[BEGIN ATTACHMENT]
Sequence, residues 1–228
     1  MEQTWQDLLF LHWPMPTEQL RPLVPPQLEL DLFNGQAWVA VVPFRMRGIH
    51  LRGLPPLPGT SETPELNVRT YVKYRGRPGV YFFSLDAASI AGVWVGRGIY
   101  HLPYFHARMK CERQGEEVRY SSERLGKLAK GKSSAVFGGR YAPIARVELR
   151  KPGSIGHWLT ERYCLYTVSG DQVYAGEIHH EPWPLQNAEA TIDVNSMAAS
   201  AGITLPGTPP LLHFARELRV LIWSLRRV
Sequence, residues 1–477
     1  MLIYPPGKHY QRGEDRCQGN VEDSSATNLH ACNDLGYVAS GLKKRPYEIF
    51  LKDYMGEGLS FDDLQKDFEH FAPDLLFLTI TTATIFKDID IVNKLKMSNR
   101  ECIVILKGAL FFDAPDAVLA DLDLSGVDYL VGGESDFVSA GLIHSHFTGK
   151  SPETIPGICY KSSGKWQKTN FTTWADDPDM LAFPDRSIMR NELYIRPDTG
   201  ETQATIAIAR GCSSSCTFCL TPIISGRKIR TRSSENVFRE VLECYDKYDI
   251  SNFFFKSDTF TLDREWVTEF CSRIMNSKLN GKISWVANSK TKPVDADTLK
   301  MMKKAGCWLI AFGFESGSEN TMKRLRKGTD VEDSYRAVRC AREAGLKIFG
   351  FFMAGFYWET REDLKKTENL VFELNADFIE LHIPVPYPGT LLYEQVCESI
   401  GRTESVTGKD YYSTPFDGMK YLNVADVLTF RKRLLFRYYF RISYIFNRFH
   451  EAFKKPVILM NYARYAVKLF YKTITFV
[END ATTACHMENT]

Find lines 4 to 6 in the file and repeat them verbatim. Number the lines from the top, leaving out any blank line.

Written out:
   101  HLPYFHARMK CERQGEEVRY SSERLGKLAK GKSSAVFGGR YAPIARVELR
   151  KPGSIGHWLT ERYCLYTVSG DQVYAGEIHH EPWPLQNAEA TIDVNSMAAS
   201  AGITLPGTPP LLHFARELRV LIWSLRRV